Article Review: Reliability of Mohs Slides Diagnosis

Each month I post a short summary of an article from the literature that has caught my eye. Every week I scan all journals relevant to skin cancer, and look out for articles that are likely to be of interest to general practitioners who see patients with skin cancer.


This month’s article is from the British Journal of Dermatology and is by van Lee J et al. It is titled “Reliability of Mohs slides diagnosis: interpersonal and intrapersonal agreement on BCC presence and histological subtype.

The study is from The Netherlands and the authors looked at how closely pathologists and surgeons agreed when looking at slides taken from Mohs surgery patients with BCC. The study looked at 50 different slides, twice over a 2-month period, using 6 raters, and 2 panel experts. In all, 800 slide assessments were done.

This type of study always draws my eye, because it reminds me how dermato-pathology is not a precise and exact science. The answer is rarely “yes or no”. This truth is often hard for us, as general practitioners, to realise and remember. In our courses we teach that pathology is NOT the gold standard.

This study reminds us of that.

Key findings – at the interpersonal level (between experts) there was disagreement on whether BCC was present or not in 23/100 cases.

At the intrapersonal level (that is, the same person viewing the same slide, 2 months later) there was disagreement in 9/100 cases.

At the group consensus meeting of experts there was disagreement in 5/50 cases.


I share this paper to remind us all that pathology is not an exact or precise science. Experts can disagree with each other on an apparently simple issue such as “is BCC present or not”. Also (especially in tricky situations like Mohs surgery slides) the same expert may provide a different result on the same specimen when viewed at a different time.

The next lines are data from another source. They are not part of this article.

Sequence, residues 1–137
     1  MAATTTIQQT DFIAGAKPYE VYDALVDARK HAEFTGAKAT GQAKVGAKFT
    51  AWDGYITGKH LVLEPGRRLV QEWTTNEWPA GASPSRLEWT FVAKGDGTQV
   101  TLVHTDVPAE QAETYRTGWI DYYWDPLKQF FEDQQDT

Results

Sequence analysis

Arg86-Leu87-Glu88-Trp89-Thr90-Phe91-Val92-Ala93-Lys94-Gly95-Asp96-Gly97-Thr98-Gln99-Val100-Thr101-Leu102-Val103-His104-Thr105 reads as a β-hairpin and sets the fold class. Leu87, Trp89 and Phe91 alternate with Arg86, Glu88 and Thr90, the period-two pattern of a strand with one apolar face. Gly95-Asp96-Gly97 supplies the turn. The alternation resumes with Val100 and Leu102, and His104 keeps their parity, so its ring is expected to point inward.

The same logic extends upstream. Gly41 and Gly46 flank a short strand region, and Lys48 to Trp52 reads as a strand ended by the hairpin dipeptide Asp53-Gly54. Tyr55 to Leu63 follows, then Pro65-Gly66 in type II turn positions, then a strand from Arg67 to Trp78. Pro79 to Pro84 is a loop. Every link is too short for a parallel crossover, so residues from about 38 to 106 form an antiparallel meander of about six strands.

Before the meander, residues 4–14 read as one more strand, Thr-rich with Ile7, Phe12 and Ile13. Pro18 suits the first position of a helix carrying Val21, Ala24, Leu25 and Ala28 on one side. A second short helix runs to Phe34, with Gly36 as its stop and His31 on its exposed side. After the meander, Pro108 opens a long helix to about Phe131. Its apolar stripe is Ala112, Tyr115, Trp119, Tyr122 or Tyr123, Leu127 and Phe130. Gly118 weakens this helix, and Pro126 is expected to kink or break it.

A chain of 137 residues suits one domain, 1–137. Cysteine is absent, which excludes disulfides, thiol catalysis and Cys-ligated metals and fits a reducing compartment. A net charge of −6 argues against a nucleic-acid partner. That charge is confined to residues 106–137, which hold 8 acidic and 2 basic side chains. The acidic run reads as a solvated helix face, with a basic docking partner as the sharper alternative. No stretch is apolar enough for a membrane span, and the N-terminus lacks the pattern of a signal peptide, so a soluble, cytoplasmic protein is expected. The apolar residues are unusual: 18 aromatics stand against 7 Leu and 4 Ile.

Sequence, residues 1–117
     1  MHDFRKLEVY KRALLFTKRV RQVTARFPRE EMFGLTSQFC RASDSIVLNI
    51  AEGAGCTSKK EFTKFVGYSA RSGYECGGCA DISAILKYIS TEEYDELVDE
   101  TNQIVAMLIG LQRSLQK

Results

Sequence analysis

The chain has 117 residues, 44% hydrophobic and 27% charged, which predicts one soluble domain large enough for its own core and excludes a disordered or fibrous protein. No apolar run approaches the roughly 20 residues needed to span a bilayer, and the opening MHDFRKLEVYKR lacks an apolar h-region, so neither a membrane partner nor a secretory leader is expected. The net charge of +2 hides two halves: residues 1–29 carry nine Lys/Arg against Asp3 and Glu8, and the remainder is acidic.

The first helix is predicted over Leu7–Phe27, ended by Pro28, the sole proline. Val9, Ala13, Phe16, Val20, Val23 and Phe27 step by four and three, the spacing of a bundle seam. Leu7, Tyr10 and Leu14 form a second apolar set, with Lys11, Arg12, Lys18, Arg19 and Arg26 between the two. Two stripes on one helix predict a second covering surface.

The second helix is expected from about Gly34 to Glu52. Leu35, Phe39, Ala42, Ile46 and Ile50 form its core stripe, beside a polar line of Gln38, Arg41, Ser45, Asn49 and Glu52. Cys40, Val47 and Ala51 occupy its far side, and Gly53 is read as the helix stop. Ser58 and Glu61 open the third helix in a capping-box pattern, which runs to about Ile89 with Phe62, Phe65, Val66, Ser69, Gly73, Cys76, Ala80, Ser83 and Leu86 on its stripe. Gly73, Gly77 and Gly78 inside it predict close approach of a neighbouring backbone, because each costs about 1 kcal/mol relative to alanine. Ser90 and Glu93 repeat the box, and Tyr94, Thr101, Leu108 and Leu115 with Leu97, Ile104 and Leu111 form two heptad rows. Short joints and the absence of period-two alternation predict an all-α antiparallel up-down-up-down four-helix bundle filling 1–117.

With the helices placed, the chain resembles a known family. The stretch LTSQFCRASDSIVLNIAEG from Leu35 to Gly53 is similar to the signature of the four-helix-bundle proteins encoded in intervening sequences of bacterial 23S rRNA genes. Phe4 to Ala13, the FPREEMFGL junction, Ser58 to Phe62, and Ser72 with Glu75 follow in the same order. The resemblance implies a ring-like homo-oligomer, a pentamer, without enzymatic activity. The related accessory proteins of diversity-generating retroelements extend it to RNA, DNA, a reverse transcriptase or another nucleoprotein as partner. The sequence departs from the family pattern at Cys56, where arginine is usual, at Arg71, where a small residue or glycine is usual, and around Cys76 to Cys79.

None of this is a criticism of pathologists or experts. It simply serves to remind us of the uncertainty that is inherent in our work, and that pathology is not the gold standard.

So, what is the gold standard? Well, we are! The GP is the gold standard: only the GP has all the information – history, clinical examination, dermoscopy, and pathology report. Only the GP – who did the procedure, knows margins were used.

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2 comments on “Article Review: Reliability of Mohs Slides Diagnosis

  1. Without looking at slides myself I often wonder about the subgroup that BCCs are classified in by the histopathologist. How arbitrary are these decisions? How may BCC have a mixed morphology?
    Would it be more realist to classify them as aggressive and non aggressive?
    The management decision between topical, cryotherapy or excisional surgery often rests with the histological classification. These histological opinions are probably not all perfectly reliable.

  2. David, You are spot on here. The levels of agreement on sub type of BCC are even lower. As such, mixed sub type is common, and studies do show that there is quite poor concordance between biopsy BCC results and results on the same lesion when fully excised. So, as you imply, my practice is to group BCC as non aggressive or aggressive, and treat accordingly. All aggressive BCC should be excised.